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Update on rheumatic heart disease

Yanagawa, Bobby; Butany, Jagdish; Verma, Subodh

Current Opinion in Cardiology: March 2016 - Volume 31 - Issue 2 - p 162–168
doi: 10.1097/HCO.0000000000000269
VALVULAR HEART DISEASE: Edited by Subodh Verma

Purpose of review The purpose is to provide a broad overview of the current state of knowledge of pathogenesis, diagnosis, and management of rheumatic heart disease (RHD).

Recent findings Studies on pathogenesis of RHD have focused on autoimmunity because of molecular mimicry between the streptococcal M antigen α-helical coiled-coil structure and sarcomeric proteins such as myosin and tropomyosin. More recently, nonsarcomeric autoantigens, endothelial injury and the innate immune system have been proposed to play key roles in the pathogenesis of RHD. In the 2015 revised Jones Criteria, the importance of echocardiography and subclinical carditis in the diagnosis of acute rheumatic fever is highlighted. Experimental studies with targeted anti-inflammatory therapeutics have been largely unsuccessful and the only established treatment is still lifelong antibiotics. Efforts to improve patient selection and outcomes with percutaneous mitral balloon valvuloplasty are ongoing. With regard to surgical management, several groups have demonstrated excellent operative and midterm outcomes from valve repair as opposed to valve replacement.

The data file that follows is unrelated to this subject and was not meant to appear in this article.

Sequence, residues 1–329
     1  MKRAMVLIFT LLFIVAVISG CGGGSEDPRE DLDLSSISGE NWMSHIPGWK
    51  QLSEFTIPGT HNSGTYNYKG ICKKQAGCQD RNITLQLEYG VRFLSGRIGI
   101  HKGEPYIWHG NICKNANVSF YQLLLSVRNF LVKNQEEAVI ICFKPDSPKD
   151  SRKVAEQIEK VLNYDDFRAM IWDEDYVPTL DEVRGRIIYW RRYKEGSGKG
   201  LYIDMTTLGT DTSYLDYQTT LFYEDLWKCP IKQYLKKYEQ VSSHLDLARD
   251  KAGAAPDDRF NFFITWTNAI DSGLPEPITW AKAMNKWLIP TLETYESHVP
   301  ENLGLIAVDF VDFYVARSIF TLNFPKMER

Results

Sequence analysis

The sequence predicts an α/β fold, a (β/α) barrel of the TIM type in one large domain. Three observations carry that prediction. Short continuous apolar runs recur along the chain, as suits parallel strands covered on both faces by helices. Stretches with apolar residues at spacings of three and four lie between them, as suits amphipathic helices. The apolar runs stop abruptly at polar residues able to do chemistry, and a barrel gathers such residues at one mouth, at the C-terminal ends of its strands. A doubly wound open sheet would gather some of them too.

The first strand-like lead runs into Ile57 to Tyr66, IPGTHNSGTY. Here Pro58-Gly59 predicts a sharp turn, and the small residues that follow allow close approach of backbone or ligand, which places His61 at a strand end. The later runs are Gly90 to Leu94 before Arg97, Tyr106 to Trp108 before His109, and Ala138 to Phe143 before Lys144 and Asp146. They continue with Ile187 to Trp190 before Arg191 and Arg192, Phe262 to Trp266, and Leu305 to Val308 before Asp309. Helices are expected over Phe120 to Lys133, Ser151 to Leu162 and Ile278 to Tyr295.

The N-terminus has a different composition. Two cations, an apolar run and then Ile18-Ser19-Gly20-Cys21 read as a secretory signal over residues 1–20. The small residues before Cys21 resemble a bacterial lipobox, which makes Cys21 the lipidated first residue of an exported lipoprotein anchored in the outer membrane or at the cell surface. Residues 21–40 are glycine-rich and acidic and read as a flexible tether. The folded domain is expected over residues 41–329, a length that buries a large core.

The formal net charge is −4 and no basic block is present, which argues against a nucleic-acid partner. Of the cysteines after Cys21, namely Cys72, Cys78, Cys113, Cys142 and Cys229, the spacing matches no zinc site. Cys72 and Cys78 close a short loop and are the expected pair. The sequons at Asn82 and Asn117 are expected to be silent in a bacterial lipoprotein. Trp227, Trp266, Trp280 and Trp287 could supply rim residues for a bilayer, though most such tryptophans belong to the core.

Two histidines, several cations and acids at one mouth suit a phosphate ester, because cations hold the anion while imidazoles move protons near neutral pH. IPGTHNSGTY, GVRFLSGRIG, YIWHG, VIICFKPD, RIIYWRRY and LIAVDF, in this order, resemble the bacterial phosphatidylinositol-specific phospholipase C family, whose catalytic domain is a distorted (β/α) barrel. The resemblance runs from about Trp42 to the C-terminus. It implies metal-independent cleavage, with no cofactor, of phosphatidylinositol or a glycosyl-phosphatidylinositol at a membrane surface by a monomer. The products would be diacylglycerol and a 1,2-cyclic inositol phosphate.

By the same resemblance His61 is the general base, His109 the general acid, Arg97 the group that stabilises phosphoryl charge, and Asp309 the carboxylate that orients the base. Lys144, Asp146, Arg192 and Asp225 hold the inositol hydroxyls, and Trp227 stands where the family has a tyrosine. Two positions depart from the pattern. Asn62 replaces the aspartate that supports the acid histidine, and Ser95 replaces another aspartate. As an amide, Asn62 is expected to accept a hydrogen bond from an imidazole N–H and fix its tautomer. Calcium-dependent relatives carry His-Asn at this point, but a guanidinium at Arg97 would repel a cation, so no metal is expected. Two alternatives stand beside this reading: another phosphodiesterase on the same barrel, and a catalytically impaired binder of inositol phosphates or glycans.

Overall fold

Summary There are still many unanswered questions regarding RHD pathogenesis. The only accepted medical treatment is still long-term antibiotic therapy, whereas advances in mitral repair techniques have led to successful durable repairs being performed in high-volume, expert centers.

aDivision of Cardiac Surgery, St Michael's Hospital

bDivision of Pathology, Toronto General Hospital, University of Toronto, Toronto, Ontario, Canada

Correspondence to Bobby Yanagawa, MD, PhD, FRCSC, Department of Surgery, University of Toronto, Division of Cardiac Surgery, St. Michael's Hospital, 30 Bond Street, 8th Floor, Bond Wing, Toronto, ON M5B 1W8, Canada. Tel: +1 416 864 5706; fax: +1 416 864 5031; e-mail:

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